7 Source: U.S. Census, 2010
Indexed crash rate
50 Portland Mpls 0
Source: League of American Bicyclists. (February 9, 2011). Rideship up crashes down, safety in numbers in Minneapolis. Retrieved from http://blog.bikeleague.org/blog/2011/02/ ridership-up-crashes-down-safety-in-numbers-in-minneapolis/ (accessed June 2012).
4. EXPERIENCE IN OTHER CITIES Many cities in North America are investing in bike share systems for the reasons outlined previously. Their success in these cities has dramatically increased the visibility of bicycling and increased activity and investment in bicycling. Bike share systems in North America are diverse and include different generations of technology and varying fee structures and loaning periods to cater for the local environment. However, sophisticated tracking and transaction technology, web-based applications to track real-time availability of bicycles, and fully modular station technology with solar power and wireless communications has broadened the appeal of fourth generation bike sharing and are by far the predominate type of bike sharing in the United States. These systems are the focus of this review. There are however, a number of systems that operate similar technology (i.e., with sophisticated locking solutions, credit card access, or RFID tracking) but with a different fee structure essentially making them automated bike rental or “bike lending” systems. These have not been reviewed in detail, but may be considered for Memphis given the lower densities and distance between destinations.
Third generation bike share generally kicked off with the launch of the system in Lyon, France in 2005 and was accelerated with the high profile launch of the Velib system in Paris in 2007. Since the spread of systems throughout Europe, largely funded through street furniture advertising, other countries have
started to implement bike sharing systems including in Canada and the United States. North American systems have generally looked towards other means of funding rather than street furniture advertising contracts. Montreal was the first North American city to significantly invest in fourth-generation bike sharing, with a system known as Bixi. The technology for the system was developed by Public Bike System Company (PBSC), financed through a loan from Ville de Montreal. The Bixi technology has been sold to other cities including Toronto and Ottawa, London (UK), Melbourne (Australia), and Minneapolis, Washington DC, Boston, Chattanooga, and New York in the U.S. The Montreal system launched in 2009 with 300 stations, and has since expanded to 411 stations. As of the end of season in 2011, a total of 4 million trips had been made on the system.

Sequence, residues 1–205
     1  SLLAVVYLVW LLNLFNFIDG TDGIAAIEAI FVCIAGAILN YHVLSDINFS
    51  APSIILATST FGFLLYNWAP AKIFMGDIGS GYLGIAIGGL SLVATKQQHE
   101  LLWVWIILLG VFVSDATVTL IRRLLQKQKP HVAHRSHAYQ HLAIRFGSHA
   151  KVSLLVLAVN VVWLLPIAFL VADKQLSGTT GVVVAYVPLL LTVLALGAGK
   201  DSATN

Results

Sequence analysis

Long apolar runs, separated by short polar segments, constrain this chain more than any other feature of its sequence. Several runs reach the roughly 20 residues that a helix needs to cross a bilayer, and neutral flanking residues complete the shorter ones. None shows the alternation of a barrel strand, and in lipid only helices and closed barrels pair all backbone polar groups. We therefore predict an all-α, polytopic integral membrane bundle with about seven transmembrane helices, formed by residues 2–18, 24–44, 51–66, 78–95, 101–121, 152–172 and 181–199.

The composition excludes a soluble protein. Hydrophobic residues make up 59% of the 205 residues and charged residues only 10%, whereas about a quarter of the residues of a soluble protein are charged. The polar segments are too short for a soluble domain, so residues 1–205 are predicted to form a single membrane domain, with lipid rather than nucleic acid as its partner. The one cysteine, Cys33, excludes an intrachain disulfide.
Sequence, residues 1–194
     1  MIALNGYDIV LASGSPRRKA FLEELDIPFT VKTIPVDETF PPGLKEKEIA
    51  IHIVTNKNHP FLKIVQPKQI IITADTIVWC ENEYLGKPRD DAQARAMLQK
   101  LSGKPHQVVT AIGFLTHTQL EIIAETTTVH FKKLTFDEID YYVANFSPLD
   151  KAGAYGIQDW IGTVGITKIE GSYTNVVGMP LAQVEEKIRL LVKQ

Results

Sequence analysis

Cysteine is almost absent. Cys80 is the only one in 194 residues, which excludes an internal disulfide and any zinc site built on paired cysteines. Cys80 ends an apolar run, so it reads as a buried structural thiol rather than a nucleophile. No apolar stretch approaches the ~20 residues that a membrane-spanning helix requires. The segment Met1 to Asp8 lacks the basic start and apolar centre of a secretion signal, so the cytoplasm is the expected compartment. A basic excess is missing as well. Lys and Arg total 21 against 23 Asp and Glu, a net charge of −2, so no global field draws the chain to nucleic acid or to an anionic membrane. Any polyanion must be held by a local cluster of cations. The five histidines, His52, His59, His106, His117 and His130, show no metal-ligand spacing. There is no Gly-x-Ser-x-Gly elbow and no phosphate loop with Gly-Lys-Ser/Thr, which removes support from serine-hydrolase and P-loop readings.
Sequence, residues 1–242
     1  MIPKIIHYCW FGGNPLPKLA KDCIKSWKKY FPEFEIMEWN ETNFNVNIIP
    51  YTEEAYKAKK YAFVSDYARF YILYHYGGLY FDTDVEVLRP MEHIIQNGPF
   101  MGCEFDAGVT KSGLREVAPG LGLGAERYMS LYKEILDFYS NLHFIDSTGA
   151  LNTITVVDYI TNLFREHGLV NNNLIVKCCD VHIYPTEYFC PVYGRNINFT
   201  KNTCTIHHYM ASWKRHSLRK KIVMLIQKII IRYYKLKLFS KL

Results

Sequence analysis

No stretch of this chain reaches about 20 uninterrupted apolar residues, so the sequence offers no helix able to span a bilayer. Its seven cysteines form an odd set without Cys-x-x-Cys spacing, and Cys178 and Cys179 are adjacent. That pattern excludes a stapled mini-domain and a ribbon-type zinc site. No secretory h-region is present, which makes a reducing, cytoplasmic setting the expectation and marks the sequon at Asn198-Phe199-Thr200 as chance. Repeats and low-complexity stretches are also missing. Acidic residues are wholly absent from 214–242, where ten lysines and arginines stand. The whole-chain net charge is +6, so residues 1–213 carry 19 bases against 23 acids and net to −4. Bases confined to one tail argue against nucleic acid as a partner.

• Capital Bikeshare (Washington DC / Arlington, Virginia): a 179 station / 1,560 bike system funded through federal grant money and some local public funding. The system is sustained solely on user-revenues and there is no corporate sponsorship of the bikes, stations, or other infrastructure. In its first year the system recorded just under one million trips and signed 16,726 annual members, 1,664 monthly members, 4,118 weekly members, and 86,019 casual (24-hour) users. • Chattanooga Bike Transit: a 30 station / 300 bike system owned by an existing nonprofit organization and operated by Alta Bicycle Share. Pre-sale of annual memberships sold out during spring 2012. The system launched in summer 2012.
Following the lead of Montreal, several U.S. bike share programs launched in 2010 and 2011. These introductions saw new vendors enter the market and the creation of several innovative business models, which continue to develop. Systems launched at that time included:
• DecoBike (Miami Beach): is a privately owned and operated North American bike share system. A private operator was responsible for raising the capital for the initial 100 station / 1,000 bike system and obtaining sponsorships that supplement user-fees to sustain operations. This system utilizes technology developed by the Sandvault Group.
• Boulder B-Cycle: a 15 station / 120 bike system owned and operated by Boulder B-cycle, a specially created non-profit organization. The equipment for this program is provided by B-Cycle, a partnership of Humana, Trek Bicycle Corporation, and Crispin Porter + Bogusky, who have also provided equipment for systems in Denver, Colorado, Madison, Wisconsin, and a number of other cities.